Effects of cacti on blood pressure (BP) in human studies. In terms of clinical evidence, a total of five human studies16,32,42–44 explored changes in BP but only two32,43 reported significant improvements. The first study is a pilot study with no placebo group to compare against the treatment group.32 Twenty individuals with cardiometabolic disorders (10 with type-2 diabetes and the rest with hypertension, overweight and obesity) were fasted and then given 250 mL of diluted cactus pear juice (containing 50 g of prickly pear cladodes) for 30 days. SBP significantly lowered from the 15th day onwards, while the decrease in DBP was only significant on the 23rd day post-supplementation. However, the absolute change (in mmHg) or magnitude of change was not reported by the authors. In the most recent crossover RCT conducted on non-smoking men (n = 48, aged 45–55, BMI: 25–35 kg m−1) with coronary artery disease (CAD), participants who were given daily capsules of betacyanin-rich extract (containing 50 mg of total betacyanin) of cactus pear for two weeks showed significant reduction in SBP of 3.16 mmHg.43 Contradictory findings were reported in the other three RCTs.16,42,44 Grube et al. found no changes in SBP and DBP when overweight and obese individuals (n = 123, 30 male and 93 female, aged 33–57) consumed 3 g day−1 of litramine tablets (fibre complex from cactus pear) or placebo for a total of 56 days.16 Similarly, Wiese et al. showed in their acute RCT crossover trial that cactus pear extract (1600 IU) did not significantly reduce SBP and DBP in healthy individuals (n = 55, 23 male and 32 female, aged 21–35).44 Lastly in an exercise trial,42 SBP and DBP also did not change in male athletes (n = 22, aged 20–22) after consuming 150 mL of prickly pear juice daily for two weeks before they were being tested with the yo-yo intermittent recovery exercise test.
Effects of cacti on heart rate (HR) and heart rate variability (HRV) in human studies. The cacti's effect on HR and HRV were only investigated in human RCTs.16,42,44–46 Besides the lack of significant impact on BP, the same RCTs conducted by Grube et al. and Wiese et al. also showed no changes in HR.16,44 In contrast, data presented in three sports and exercise RCTs suggested otherwise.42,45,46 Firstly, a crossover RCT concluded that prickly pear was able to significantly lower HR (−9 beats per min) and simultaneously increase HRV in both high (HF) and low frequency (LF) components of both supine (SU) and standing (ST) positions.45 These effects were evident after male professional skiers (n = 10, aged 23.8 ± 4.5) consumed prickly pear extract (1 capsule per 20 kg bw; equiv. to 100 g fresh fruit) at the end of their training. The other RCT, also a crossover study, yielded similar results on HR.46 In physically active men (n = 6, aged 21.0 ± 1.6), HR was consistently lower by ∼10 beats per min versus placebo group after consuming 2000 mg of prickly pear extract (OpunDia) before a series of cycling exercise. Furthermore, similar trend was also seen in the trial with the recovery exercise test.42 The maximum HR during exercise was found to be significantly lower in the treatment group (−3.64 beats per min) versus control.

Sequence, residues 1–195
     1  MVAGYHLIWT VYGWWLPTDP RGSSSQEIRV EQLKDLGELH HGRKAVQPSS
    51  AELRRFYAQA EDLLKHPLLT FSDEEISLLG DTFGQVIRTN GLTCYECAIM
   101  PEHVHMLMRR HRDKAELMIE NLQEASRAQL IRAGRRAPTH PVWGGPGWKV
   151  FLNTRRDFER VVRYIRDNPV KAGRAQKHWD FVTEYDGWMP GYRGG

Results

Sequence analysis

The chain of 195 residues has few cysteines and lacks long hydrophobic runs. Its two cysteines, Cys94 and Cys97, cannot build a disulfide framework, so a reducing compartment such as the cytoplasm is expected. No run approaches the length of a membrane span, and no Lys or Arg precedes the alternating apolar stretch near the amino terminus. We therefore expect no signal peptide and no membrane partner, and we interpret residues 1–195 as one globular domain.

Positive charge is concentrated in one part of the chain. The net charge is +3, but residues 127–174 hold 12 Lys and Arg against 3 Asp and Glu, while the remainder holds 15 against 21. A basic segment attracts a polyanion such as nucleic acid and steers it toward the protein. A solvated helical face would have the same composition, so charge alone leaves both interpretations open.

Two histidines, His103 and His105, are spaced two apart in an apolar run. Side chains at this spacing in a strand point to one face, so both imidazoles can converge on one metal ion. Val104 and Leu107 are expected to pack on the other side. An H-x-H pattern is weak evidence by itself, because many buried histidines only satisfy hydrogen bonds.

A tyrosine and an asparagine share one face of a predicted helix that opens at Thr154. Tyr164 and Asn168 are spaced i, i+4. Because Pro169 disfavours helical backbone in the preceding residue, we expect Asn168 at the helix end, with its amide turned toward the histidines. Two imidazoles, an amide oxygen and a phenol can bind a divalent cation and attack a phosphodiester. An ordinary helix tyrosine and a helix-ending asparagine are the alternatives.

Diets rich in phytochemicals and dietary fibre have been shown to have a positive impact on cardiovascular health. This systematic review of animal and human studies provides evidence that supplementation of edible betalain-rich cacti Hylocereus and Opuntia may have potential to influence endothelial and vascular function.

Animal studies

Interventions that administered very high doses (400–500 mg per kg bw) of cacti extract in the animal studies failed to show much more of an effect when compared to studies using physiologically and dietary realistic amounts (1–10 mg per kg bw). This dose–response has also been reported elsewhere both in animal and human models where the medium or low dose was shown to be more effective.15,47 A possible explanation for this might be that the responsible bioactive components in the cacti or extract may exert synergistic interactions at lower amounts or perhaps contribute to a threshold effect. Such interactions between bioactives have been demonstrated by Rodriguez-Mateos et al. between dietary polyphenols and nitrate48 In this review, two studies that explored dose-dependence reported a dose-dependent relationship.35,41